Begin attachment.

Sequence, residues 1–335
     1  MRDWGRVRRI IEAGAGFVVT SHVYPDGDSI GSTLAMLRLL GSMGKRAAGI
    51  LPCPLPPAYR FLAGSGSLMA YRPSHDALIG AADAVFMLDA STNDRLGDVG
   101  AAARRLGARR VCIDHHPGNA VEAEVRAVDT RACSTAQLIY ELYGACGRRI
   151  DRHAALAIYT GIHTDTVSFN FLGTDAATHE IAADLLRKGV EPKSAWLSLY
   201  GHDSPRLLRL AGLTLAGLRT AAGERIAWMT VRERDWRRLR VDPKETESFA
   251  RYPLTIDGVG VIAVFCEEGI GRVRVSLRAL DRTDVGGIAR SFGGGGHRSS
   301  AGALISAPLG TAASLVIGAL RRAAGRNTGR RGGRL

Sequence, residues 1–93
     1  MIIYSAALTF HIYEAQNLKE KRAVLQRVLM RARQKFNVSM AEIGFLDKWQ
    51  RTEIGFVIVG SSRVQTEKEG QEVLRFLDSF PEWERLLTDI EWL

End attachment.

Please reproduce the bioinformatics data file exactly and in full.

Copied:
Sequence, residues 1–335
     1  MRDWGRVRRI IEAGAGFVVT SHVYPDGDSI GSTLAMLRLL GSMGKRAAGI
    51  LPCPLPPAYR FLAGSGSLMA YRPSHDALIG AADAVFMLDA STNDRLGDVG
   101  AAARRLGARR VCIDHHPGNA VEAEVRAVDT RACSTAQLIY ELYGACGRRI
   151  DRHAALAIYT GIHTDTVSFN FLGTDAATHE IAADLLRKGV EPKSAWLSLY
   201  GHDSPRLLRL AGLTLAGLRT AAGERIAWMT VRERDWRRLR VDPKETESFA
   251  RYPLTIDGVG VIAVFCEEGI GRVRVSLRAL DRTDVGGIAR SFGGGGHRSS
   301  AGALISAPLG TAASLVIGAL RRAAGRNTGR RGGRL

Sequence, residues 1–93
     1  MIIYSAALTF HIYEAQNLKE KRAVLQRVLM RARQKFNVSM AEIGFLDKWQ
    51  RTEIGFVIVG SSRVQTEKEG QEVLRFLDSF PEWERLLTDI EWL